hardware and software for electronic music 
Thu, Dec 13, 2012, 05:57

Why using carrier waves?

Hello there.

After having read the paper, I am simply wondering what the reason is for the elaborate setup with the Audio Interface.
Is it really neccesary to send waves to pick up? Wouldn't a demultiplexer(i.e., sending a signal to just one of the rows at a time, swapping rows very quickly) do the same thing? Or is the induced latency of that technique really so bad it will become audible unpleasing?

Thu, Dec 13, 2012, 10:41

Soundplane scans at about 1kHz. if each of the 512 junctions were scanned in sequence, that would leave hardly any time per junction to get a good sample.

In general, sampling for a longer time is better, and the continuous wave approach has the advantage of gathering data at each junction truly without any gaps.

Sun, Dec 21, 2014, 16:09

A scanned matrix without carriers would not sense pressure. You would only have binary on/off sensing like a standard computer typewriter keyboard. Capacitive sensors require an AC signal generated on one plate, with the amplitude on the other plate representing the distance. While it's possible to calculate distance in response to an impulse (the scanned method that you suggest), it's much more workable to generate steady carrier frequencies.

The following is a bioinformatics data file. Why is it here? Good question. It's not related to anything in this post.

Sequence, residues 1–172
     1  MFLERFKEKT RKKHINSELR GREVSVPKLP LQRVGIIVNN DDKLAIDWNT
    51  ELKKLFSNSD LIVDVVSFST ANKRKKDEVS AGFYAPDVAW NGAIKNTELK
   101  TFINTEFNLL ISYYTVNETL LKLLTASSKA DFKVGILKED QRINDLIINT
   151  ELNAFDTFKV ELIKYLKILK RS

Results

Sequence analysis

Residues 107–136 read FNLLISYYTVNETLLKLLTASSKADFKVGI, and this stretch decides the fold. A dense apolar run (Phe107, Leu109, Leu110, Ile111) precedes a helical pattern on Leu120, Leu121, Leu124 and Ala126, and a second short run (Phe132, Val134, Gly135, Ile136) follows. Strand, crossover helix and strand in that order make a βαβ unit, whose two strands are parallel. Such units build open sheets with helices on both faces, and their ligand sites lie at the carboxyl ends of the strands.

By the way, I believe that the latency is the same either way. Scanned binary keyboards have a latency of (sample rate) / (number of columns), but the Soundplane has a latency proportional to (sample rate) / (number of FFT bins). It's possible to use overlapping FFT to reduce the latency, while a matrix can scan binary switches at higher sample rates to reduce latency.